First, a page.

BERNARDS TOWNSHIP, NJ - The opportunity for members of the public to offer their opinion on a proposal for a 4,250-square-foot mosque in Liberty Corner Village - with certain topics off limits - is scheduled to continue at a hearing before the Bernards Township Planning Board next Tuesday, Aug. 4.

The final session that as of now scheduled for public comment is at the Aug. 18 meeting of the Planning Board, which later must vote whether to approve the application. Meetings are scheduled to begin at 7:30 p.m. at the town hall at 1 Collyer Lane in downtown Basking Ridge.

The start of August marks the third year since the mosque application was officially filed by the Islamic Society of Basking Ridge, which has been meeting for years at the Bernards Townshp Community Center and at other temporary locations around town.

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The public was limited to asking questions of experts and witnesses for both the Islamic Society of Basking Ridge and the township for almost three years. The first public comment session was held at the end of the March 17 Planning Board meeting. Among the first speakers was neighbor Eileen Fitzpatrick, shown here on video. 

At the most recent board hearing, on July 21, public comments were made before the board, which must rule on the ISBR's application expressing strong opposition or, less often, support for a mosque on approximately four acres at 124 Church St., where a private home is scheduled to be demolished. 

Some speakers on that night again raised concerns about the impact of traffic on Church Street - which the board already has ruled is an issue to be decided by Somerset County since Church Street is a county road - including whether vehicles leaving and entering the mosque property could impede the response time of the nearby Liberty Corner Firehouse. The all-volunteer Liberty Corner Fire Co. serves three-quarters of the township. 

Other speakers have said that the ISBR already has been meeting regularly at the Bernards Township Community Center at 289 S. Maple Ave., and again expressed the opinion that a mosque would be a cultural asset to the community.

Some new points were raised as well on July 21.

Resident Lloyd Martinson of Carriage way said that vehicles heading to a house of worship with about 100 parking spaces would take short cuts along township roads, adding traffic on local roads.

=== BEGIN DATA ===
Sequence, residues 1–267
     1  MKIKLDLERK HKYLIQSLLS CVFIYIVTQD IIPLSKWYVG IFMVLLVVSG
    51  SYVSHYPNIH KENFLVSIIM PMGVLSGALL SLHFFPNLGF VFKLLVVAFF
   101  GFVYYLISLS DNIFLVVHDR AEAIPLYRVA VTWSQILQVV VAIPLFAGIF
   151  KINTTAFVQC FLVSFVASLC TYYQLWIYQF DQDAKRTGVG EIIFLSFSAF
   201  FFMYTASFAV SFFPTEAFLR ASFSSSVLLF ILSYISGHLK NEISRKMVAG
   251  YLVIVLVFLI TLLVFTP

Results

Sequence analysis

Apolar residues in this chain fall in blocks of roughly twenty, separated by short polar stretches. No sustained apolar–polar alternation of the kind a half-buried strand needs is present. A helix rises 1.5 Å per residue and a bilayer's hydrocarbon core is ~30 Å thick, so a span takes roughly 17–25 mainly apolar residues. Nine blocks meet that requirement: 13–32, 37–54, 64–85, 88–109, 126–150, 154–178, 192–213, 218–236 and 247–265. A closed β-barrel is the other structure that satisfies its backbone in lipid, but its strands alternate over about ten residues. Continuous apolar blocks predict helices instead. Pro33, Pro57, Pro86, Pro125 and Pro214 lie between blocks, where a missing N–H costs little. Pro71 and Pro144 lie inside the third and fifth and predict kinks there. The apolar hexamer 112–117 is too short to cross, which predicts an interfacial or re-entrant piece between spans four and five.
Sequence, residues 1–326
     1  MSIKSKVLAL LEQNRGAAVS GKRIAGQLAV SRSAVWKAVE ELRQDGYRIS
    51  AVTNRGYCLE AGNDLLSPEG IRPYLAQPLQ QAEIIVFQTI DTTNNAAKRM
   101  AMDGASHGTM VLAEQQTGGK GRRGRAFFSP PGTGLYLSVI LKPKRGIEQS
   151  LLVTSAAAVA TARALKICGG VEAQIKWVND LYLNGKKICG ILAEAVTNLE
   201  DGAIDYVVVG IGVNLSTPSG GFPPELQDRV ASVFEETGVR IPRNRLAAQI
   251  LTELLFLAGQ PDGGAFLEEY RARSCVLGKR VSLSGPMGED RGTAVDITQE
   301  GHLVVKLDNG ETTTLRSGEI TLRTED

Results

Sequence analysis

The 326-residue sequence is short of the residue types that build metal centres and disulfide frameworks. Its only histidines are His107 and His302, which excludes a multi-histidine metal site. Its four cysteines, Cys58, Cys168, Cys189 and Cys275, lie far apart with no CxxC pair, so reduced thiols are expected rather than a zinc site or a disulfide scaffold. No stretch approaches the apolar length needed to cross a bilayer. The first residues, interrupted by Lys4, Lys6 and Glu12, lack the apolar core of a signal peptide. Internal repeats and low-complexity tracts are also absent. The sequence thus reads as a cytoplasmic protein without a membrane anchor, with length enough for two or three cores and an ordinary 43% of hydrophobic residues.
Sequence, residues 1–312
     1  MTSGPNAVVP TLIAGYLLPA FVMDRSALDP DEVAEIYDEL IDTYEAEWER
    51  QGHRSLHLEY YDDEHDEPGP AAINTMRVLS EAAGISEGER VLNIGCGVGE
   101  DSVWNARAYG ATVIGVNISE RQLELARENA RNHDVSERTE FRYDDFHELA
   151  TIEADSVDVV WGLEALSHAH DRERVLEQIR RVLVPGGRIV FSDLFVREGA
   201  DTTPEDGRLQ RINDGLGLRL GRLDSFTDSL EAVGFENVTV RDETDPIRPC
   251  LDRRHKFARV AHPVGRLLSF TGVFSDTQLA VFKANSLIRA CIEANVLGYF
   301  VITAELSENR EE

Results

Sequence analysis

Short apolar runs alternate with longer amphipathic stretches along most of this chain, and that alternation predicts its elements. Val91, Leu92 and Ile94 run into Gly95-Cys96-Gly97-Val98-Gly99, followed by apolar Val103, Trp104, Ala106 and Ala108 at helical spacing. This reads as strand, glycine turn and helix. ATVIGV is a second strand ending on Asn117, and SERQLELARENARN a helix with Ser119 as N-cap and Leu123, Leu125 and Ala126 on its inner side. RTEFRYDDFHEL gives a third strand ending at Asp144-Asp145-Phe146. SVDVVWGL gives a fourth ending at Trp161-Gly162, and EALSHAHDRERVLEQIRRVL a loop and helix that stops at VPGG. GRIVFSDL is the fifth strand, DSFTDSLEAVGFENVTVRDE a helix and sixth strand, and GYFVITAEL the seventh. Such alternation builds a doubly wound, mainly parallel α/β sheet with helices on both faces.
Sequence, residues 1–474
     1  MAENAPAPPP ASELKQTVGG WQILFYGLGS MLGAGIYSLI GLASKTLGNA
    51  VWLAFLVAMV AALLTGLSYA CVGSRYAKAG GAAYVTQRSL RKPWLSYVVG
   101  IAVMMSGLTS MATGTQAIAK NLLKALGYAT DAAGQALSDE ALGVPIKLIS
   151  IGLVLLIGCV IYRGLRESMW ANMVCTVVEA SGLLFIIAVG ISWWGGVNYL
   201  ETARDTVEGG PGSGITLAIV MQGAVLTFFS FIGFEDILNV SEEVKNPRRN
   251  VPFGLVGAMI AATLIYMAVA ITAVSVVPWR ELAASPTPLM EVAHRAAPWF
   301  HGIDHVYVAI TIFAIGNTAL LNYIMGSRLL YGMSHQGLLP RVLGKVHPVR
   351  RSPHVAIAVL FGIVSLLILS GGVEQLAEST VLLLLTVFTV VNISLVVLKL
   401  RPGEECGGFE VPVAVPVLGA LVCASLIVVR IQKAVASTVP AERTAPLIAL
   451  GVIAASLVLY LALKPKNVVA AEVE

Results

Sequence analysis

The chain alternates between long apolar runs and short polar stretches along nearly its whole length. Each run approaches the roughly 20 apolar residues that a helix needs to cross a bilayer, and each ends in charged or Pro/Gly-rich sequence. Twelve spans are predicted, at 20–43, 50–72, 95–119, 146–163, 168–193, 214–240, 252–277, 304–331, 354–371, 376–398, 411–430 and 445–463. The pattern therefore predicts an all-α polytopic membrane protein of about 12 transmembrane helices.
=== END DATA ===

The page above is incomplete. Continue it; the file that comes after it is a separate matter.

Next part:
"What about traffic on other township streets that will be passed on?" Martinson asked. "Anyone coming off 287 is going to want to find a short cut."

Planning Board President Jeffrey Plaza said that because the board isn't considering the traffic on Church Street in its deliberations, "it doesn't extend to beyond" the county road.

Martinson also said that when he himself was looking to site an office of about 20 people who were then based in Bernards Township, he selected a location on Mount Airy Road, off Route 287.

"There's been plenty of time for other sites to be looked at that would have been potentially appropriate for large organizations," Martinson told the board.

Christina Ehret of Homestead Village, speaking briefly before the board, recalled when she and others in her neighborhood had been told that Ridge High School buses could not be rerouted through municipal property because the extra traffic could slow the response time of police leaving headquarters. 

She asked the board to similarly consider what several speakers said is the safety issue of how traffic from the proposed mosque could slow the response time from the Liberty Corner Firehouse, on the other side of Church Street. The volunteer Liberty Corner Fire Co. is responsible for fire safety for about three-quarters of the township.

Another Bernards Township resident, Nadim Ahmed, who said he is a practicing Muslim, said that he understands the emotions on both sides, but - referring to some online information quoted by some opponents - "Google does not make one an expert." 

He said, for example, that although there would be five religious services held daily at a mosque, his own experience has shown that most Muslims would tend to congregate at the main Friday afternoon service - as most Christians do on Sunday.

Ahmed also said the application before the board would not entail tearing down a historic home within the historic district. 

He said the opening of the first mosque in Basking Ridge would become a historic event - just as was the opening of the first local synagogue 25 years ago.

Ahmed asked the board to continue to make decisions within the scope of its jurisdiction, and based on applicable zoning ordinances.

Kathleen Hotherfall, who said her family has lived in the township for 51 years, and said that she herself is a member of the Daughters of the American Revolution, issued a reminder that the nation was founded on a principal of freedom of workship. "In my opinion, a mosque would be an asset, not a liability, to this community."

Zhen Zhang asked the supporters of the proposal who live in Basking Ridge if they would exchange properties with people who live next to the planned mosque. "Would you like to trade your house with...one next to 124 Church Street?" she asked.

During testimony, witnesses and the attorney for the proposed mosque have stressed that a house of worship was a permitted use in a residential zone at the time the application was filed.

However, resident Frank Zhao told the board, the proposed mosque, if built, "will have more use than some businesses in commercial zoning areas."

Zhao told the board that he himself had observed about 60 vehicles, including vans and SUVs, being driven into the community center for Friday services.

"Most drove safely - but some rushed into the parking lot with unsafe speeding," he testified. Zhao said commercial zones are kept separate from residential areas because, "People in commercial areas rush in and rush out."